Jerome Hill majored in music at Yale, and he continued composing songs, film music, and music for small ensembles and orchestras for the rest of his life.
Hill's childhood was filled with music, as his parents actively exposed their children to symphonic concerts and music lessons. In adolescence, Hill began combining his love for poetry and his awareness of popular Broadway music into creating songs.
At Yale, Hill focused on classical composition and learned the finer points of music theory. The collection contains handwritten concertos and short pieces for large groups.
In adulthood, Hill counted several colleagues and friends in the field of music, including composers Hugh Martin and Alec Wilder. Martin helped Hill on music for his documentary "Grandma Moses," and Wilder composed music for Hill's features "The Sand Castle" and "Open the Door and See all the People." Hill also enjoyed a close musical relationship with poet Ophelia de Rouge, with whom he composed several songs, most of them introspective, moody pieces. Some of these works with De Rouge were broadcast in 1968 on Swiss National Radio.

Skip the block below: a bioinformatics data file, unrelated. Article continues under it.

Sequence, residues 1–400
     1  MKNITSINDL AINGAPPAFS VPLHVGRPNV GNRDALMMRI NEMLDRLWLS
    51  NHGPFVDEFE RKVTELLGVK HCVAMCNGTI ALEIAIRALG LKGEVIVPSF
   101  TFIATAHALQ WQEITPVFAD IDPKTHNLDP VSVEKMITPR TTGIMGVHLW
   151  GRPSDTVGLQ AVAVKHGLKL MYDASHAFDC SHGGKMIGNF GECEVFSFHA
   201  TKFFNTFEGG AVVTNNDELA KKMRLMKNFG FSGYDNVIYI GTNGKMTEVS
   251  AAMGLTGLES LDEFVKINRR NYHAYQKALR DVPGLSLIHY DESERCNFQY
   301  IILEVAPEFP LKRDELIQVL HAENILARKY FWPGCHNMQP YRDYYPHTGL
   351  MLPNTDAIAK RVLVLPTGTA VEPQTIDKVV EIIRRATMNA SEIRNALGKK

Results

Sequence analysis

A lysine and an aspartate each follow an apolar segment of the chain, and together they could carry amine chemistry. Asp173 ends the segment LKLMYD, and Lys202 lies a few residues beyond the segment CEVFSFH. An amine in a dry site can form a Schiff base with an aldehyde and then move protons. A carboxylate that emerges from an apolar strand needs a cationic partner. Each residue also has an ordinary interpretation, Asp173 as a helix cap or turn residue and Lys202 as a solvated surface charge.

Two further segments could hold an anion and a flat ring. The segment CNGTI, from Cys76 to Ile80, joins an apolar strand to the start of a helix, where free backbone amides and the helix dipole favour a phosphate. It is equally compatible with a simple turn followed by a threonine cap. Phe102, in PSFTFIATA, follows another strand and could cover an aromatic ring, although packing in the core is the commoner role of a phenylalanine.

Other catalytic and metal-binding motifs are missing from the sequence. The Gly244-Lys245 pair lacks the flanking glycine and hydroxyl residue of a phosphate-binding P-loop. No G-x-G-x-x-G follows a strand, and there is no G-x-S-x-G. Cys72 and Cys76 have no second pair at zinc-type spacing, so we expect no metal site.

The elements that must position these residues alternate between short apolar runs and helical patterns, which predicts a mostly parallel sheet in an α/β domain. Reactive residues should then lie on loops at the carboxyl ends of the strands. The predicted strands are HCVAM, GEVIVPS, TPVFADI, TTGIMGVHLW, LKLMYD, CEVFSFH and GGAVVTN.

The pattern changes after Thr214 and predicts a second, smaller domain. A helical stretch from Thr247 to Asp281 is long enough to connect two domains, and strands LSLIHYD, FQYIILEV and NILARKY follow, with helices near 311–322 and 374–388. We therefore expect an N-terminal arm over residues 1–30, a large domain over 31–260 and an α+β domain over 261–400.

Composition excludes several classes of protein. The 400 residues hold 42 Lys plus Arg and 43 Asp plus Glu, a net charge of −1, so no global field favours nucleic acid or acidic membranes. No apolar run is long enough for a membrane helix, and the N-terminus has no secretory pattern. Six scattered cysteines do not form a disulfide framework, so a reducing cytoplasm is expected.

In 1971, a concert comprising many of Hill's orchestral works was held at the Basilica di Santa Cecilia in Rome.
Several of Hill's own compositions are featured in his cinematic memoir, "Film Portrait." Hill created the soundtracks to a majority of his short films.
Since 1972, Hill's works have been celebrated at several retrospective concerts. In 1975, Hill's works were featured at a concert celebrating the 100th anniversary of Albert Schweitzer's birth. They were performed by Edouard Nies-Berger, who collaborated with Schweitzer and Hill on the 1965 film "Schweitzer and Bach."